Issue 12.3-13.1 | Summer 2014/Fall 2014 / Guest Edited by Kim F. Hall, Monica L. Miller, and Yvette Christiansë

Indigo Generations: Shange in Praxis and Being the Folk

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The Power to Heal

When Indigo says that she wants her people to have “the power to heal,” she is speaking physically, emotionally, and spiritually. Indigo grows up and goes on to apprentice with her Aunt Haydee, a traditional midwife who, like Indigo, has a profound respect for the healing power of plants. Indigo subjectivity reminds us that reclaiming old ways of knowing and healing that precede allopathic medicine, and certainly precede the access of black diasporic people to accountability from Western forms of medicine (such accountability still does not exist) is key to Black feminist praxis. Alondra Nelson remembers the importance of healing and the creativity around health in Body and Soul, her book on the practices of the Black Panther Party’s healthcare initiatives. The Black Midwives’ organization, the International Center for Traditional Childbirth, combines training in evidence-based practice that prevents low birth weight and high infant mortality rates in communities of color with lobbying for policies that increase the range of healthcare access and treatment for people of color giving birth. These and so many more examples share and respond to Indigo’s challenge to cultivate the power to heal. And like Indigo, these initiatives do not separate body from soul. Indigo’s side-by-side remedies for “Emergency Care of Open Wounds/When It Hurts” and “Emergency Care of Wounds That Cannot Be Seen” bring home this point. Both remedies start by requiring the emotional intentionality of the caretaker (“Calmly rinse the wound” and “Hold the victim gently,” respectively). Both remedies offer plant medicine (mandrake berries and red sunflower brew, respectively). And both remedies honor the urgency of physical and emotional pain with the same word all capital letters: EMERGENCY.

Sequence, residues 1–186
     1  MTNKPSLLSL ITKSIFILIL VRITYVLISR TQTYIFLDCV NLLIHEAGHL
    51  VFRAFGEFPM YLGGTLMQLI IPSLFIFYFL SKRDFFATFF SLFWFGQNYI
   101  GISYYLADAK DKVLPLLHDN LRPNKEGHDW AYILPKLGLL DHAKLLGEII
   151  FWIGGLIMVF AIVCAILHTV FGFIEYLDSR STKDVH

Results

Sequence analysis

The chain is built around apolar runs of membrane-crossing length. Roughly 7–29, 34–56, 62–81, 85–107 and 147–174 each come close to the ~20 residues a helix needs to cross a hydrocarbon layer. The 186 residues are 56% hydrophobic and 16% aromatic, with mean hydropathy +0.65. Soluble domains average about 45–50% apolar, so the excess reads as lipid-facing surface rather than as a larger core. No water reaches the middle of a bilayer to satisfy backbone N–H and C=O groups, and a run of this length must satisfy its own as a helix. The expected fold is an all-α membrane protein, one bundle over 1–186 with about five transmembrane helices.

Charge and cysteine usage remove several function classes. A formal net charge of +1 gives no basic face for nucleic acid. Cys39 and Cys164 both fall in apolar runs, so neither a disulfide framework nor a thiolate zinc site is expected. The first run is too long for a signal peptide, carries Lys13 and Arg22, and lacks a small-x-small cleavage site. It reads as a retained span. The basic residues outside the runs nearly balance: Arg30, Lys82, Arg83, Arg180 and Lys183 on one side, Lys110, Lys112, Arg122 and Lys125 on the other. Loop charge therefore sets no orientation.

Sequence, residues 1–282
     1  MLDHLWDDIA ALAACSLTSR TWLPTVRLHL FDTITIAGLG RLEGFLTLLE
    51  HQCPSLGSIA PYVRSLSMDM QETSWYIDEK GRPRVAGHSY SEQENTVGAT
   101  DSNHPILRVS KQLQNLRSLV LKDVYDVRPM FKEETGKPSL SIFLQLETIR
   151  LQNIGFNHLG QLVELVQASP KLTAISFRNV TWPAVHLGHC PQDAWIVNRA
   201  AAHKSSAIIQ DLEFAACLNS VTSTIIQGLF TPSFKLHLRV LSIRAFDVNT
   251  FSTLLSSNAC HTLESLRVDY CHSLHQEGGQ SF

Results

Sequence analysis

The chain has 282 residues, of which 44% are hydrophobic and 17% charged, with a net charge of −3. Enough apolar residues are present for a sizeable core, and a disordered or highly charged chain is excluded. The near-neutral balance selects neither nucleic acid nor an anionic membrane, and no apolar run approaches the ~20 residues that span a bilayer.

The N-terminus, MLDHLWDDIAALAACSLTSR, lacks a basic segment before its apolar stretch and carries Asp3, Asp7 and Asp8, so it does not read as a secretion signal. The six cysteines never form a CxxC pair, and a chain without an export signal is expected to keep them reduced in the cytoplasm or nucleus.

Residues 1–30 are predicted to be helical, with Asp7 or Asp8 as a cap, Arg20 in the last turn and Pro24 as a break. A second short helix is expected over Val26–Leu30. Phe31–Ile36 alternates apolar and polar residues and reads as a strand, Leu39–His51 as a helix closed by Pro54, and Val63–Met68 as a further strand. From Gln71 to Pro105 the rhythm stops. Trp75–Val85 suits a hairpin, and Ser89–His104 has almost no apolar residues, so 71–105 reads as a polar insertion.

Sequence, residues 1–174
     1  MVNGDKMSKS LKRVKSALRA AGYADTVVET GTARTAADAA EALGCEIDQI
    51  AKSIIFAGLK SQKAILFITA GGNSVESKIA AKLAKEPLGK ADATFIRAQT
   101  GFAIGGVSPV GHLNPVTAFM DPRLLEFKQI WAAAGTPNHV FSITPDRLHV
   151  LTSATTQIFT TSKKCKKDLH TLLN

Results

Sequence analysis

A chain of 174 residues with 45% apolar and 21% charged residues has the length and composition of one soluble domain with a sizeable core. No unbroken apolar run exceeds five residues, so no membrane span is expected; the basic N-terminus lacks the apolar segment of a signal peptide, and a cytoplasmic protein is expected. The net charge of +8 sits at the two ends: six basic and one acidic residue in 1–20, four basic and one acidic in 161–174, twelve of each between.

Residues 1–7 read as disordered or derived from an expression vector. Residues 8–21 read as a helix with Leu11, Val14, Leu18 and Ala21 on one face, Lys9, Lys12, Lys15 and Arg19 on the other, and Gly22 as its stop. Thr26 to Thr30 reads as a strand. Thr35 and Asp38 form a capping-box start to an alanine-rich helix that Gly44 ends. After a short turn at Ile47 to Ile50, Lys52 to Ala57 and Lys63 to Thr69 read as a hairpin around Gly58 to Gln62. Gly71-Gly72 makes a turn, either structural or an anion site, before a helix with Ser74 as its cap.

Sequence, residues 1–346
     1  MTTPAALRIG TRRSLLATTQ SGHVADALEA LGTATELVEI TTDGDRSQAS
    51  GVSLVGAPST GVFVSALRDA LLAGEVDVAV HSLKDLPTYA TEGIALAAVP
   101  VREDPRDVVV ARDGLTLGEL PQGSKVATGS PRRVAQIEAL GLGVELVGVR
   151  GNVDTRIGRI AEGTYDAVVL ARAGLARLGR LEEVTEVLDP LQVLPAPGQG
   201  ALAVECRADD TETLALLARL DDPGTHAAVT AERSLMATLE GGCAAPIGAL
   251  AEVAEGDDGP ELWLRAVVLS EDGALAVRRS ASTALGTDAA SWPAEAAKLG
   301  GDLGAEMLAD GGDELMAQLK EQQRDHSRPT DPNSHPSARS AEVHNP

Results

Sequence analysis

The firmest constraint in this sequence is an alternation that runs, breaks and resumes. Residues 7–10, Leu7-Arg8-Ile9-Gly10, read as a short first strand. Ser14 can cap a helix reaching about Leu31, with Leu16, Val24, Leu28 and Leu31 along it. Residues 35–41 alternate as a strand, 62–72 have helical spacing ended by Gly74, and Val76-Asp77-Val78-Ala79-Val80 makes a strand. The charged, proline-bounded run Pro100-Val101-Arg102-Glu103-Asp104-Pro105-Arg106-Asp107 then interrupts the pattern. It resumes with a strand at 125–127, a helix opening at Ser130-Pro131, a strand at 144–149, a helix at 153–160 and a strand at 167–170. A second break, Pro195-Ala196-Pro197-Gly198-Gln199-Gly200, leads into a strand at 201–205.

Indigo’s subjectivity is instructive as ever here. The contradiction is that often in our activist meetings we are so overwhelmed by the urgency of the issues we want to influence that we devalue and skip over the healing we may need to do individually and together, leading us to organize on top of unresolved trauma. Organizing on top of “wounds that cannot be seen” has an impact on the way we treat each other and sometimes it can cause our action steps to be out of balance and reactionary. Because it hurts. On the other hand, in our intellectual space of reflection, where our timelines are arguably slower, and stopping to think seems to be the whole point, we often shy away from the word healing and the practice of healing for the sake of appearing to know something, or to perform an impossible objectivity that many of us seem committed to embodying (even when we say that we don’t believe in objectivity). Furthermore, in our academic spaces of reflection, the measurement of our success rarely includes the healing impact of our work on people inside or outside of the academy. Indigo subjectivity challenges us again as we navigate black feminist praxis in organizing and in intellectual spaces that do not seem to have time or space for the crucial healing work that Indigo prioritizes. I think about this challenge in terms of accountability as one of the key clarifications that distinguishes black feminist and womanist praxis from unmodified, unaccountable (read white capitalist) manifestations of “feminism.”[10] Indigo’s relationship to accountability is profoundly clarified in the moment she evolves out of the street gang the Junior Geechee Captains. Exceptional and strange as a young girl, Indigo and her wild violin win a place in a street gang, the junior offshoot of the Geechee Captains, a motorcycle gang that controls much of the underground economy (numbers, bootleg alcohol, cockfighting, etc.) of black Charleston. Indigo has a critique of the abuse of animals that takes place during the cockfights, but she plays her violin in the juke-joint-esque, all-day, illegal space of the lead Geechee Captain in order to work her healing magic on the people in the space. However, once she witnesses a domestic dispute in which Mabel, the girlfriend of Geechee Captain leader Pretty Man, is punished for limiting the freedom of the young gang members. While being the only female in the gang was “feminist” in the sense that it allowed her to (dare I say) “lean in” and participate in a masculinist space, transcending the gendered barriers that usually would have excluded her, she realizes that her increased mobility and autonomy is not meaningful unless it includes a collective accountability to oppressed women. “Shame crawled up her cheeks. She was going to see about Mabel. Mabel had gotten in trouble ‘cause of Indigo’s fiddle, ‘cause Indigo was a Geechee Captain. Mabel was just some woman. One day Indigo would be a woman too.”[11] In this moment, Indigo experiences the collective embodied memory of the enslaved who “accepted indifference as kindness,” and they surround her with a “blood thick chorus” and lead Indigo to create the healing remedies she needs to address the physical and emotional wounds that Mabel has experienced as a result of gendered violence, which Shange implies is a part of the legacy and continuation of the “Chains. Leg irons.” Of slavery.